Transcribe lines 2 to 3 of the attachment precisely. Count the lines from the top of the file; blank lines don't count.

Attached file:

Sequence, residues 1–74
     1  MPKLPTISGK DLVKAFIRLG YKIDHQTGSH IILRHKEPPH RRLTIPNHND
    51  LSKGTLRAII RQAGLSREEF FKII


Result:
     1  MPKLPTISGK DLVKAFIRLG YKIDHQTGSH IILRHKEPPH RRLTIPNHND
    51  LSKGTLRAII RQAGLSREEF FKII